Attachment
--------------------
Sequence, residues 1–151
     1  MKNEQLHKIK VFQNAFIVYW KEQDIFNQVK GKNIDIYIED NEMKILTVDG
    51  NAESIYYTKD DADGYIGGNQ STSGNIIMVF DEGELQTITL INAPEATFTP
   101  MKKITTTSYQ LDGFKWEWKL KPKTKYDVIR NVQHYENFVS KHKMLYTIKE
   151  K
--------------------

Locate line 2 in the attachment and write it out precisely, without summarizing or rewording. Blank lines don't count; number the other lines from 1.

     1  MKNEQLHKIK VFQNAFIVYW KEQDIFNQVK GKNIDIYIED NEMKILTVDG